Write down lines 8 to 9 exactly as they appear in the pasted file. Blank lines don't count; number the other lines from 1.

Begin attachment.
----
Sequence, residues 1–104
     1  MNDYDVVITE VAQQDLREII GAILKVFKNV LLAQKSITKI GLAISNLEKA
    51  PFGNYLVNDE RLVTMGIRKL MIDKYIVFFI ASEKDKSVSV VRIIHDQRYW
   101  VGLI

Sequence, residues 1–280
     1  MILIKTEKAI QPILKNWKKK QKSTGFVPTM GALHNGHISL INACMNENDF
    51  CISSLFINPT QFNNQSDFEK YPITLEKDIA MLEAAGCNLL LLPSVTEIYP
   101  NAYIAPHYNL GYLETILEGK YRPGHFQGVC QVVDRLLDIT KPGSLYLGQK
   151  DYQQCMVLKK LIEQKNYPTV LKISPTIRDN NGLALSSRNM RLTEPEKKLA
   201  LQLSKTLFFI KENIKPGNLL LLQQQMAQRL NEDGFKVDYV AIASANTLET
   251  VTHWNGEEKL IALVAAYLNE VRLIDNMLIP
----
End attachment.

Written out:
   101  NAYIAPHYNL GYLETILEGK YRPGHFQGVC QVVDRLLDIT KPGSLYLGQK
   151  DYQQCMVLKK LIEQKNYPTV LKISPTIRDN NGLALSSRNM RLTEPEKKLA